Diagnosing Melanoma - Montefiore Medical Center

Tests that examine the skin are used to detect (find) and diagnose melanoma.If a mole or pigmented area of the skin changes or looks abnormal, the following tests and procedures can help detect and diagnose melanoma:

  • Skin examination: A doctor checks the skin for moles, birthmarks, or other pigmented areas that look abnormal in color, size, shape, or texture.
  • Biopsy: if your doctor is concerned about a particular mole, he or she will perform a biopsy, in which all or part of the growth is removed usually under local anesthetic. A pathologist then looks at the tissue under a microscope to check for cancer cells. Suspicious areas of the skin should be biopsied and not be shaved off or cauterized (destroyed with a hot instrument, an electrical current, or a caustic substance).

Determining the stage

After melanoma has been diagnosed, tests are done to find out if cancer cells have spread within the skin or to other parts of the body. Once there is a diagnosis of melanoma, the physician needs to determine what stage the melanoma is. The process used to find out whether cancer has spread within the skin or to other parts of the body is called staging. Staging will help your physician know if the melanoma has stayed in one area of the body (it is "localized"), or if it has spread ("metastasized") to other parts of the body. The stage of the melanoma plays a key role in decision about what treatment will be best. Early treatment is important. If melanoma is treated in its early stages, the chanced of recovery are very good. Left untreated, melanoma can spread throughout the body and become life threatening. The following tests and procedures may be used in the staging process:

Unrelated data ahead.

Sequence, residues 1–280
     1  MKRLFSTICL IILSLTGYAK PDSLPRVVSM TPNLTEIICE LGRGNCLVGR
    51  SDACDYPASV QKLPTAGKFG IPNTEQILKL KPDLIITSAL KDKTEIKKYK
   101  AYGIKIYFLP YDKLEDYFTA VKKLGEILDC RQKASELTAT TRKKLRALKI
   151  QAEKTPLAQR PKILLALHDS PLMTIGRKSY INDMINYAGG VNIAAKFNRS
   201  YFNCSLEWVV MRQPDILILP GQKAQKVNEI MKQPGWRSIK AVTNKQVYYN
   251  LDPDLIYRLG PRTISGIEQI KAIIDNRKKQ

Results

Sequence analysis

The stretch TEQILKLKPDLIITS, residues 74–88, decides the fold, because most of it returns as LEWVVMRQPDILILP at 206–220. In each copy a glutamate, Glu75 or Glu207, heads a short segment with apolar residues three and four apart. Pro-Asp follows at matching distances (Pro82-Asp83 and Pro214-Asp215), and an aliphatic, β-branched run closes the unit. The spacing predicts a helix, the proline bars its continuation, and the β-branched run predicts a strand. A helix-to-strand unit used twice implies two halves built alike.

• wide local excision: a surgical procedure to remove some of the normal tissue surrounding the area where melanoma was found, to check for cancer cells;
  • lymph node mapping and sentinel lymph node biopsy: procedures in which a radioactive substance and/or blue dye is injected near the tumor; the substance or dye flows through lymph ducts to the sentinel node or nodes - the first lymph node or nodes where cancer cells are likely to have spread; the surgeon removes only the nodes with the radioactive substance or dye; a pathologist then checks the sentinel lymph nodes for cancer cells; If no cancer cells are detected, it may not be necessary to remove additional nodes;
  • chest x-ray;
  • CT scan;
  • MRI;
  • PET scan;
  • laboratory tests.